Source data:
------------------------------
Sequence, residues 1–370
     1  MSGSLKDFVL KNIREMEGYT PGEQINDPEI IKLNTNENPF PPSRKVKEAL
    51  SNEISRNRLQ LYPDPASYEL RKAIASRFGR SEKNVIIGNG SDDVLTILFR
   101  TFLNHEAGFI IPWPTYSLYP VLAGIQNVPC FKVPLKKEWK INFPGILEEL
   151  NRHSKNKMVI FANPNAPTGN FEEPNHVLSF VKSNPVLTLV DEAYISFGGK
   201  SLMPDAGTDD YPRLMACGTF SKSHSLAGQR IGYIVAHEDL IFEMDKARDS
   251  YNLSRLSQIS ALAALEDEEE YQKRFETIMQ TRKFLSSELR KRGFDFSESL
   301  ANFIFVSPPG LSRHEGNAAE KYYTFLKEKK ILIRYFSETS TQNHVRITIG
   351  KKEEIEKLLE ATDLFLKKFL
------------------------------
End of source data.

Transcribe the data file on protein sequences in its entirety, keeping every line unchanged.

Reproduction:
Sequence, residues 1–370
     1  MSGSLKDFVL KNIREMEGYT PGEQINDPEI IKLNTNENPF PPSRKVKEAL
    51  SNEISRNRLQ LYPDPASYEL RKAIASRFGR SEKNVIIGNG SDDVLTILFR
   101  TFLNHEAGFI IPWPTYSLYP VLAGIQNVPC FKVPLKKEWK INFPGILEEL
   151  NRHSKNKMVI FANPNAPTGN FEEPNHVLSF VKSNPVLTLV DEAYISFGGK
   201  SLMPDAGTDD YPRLMACGTF SKSHSLAGQR IGYIVAHEDL IFEMDKARDS
   251  YNLSRLSQIS ALAALEDEEE YQKRFETIMQ TRKFLSSELR KRGFDFSESL
   301  ANFIFVSPPG LSRHEGNAAE KYYTFLKEKK ILIRYFSETS TQNHVRITIG
   351  KKEEIEKLLE ATDLFLKKFL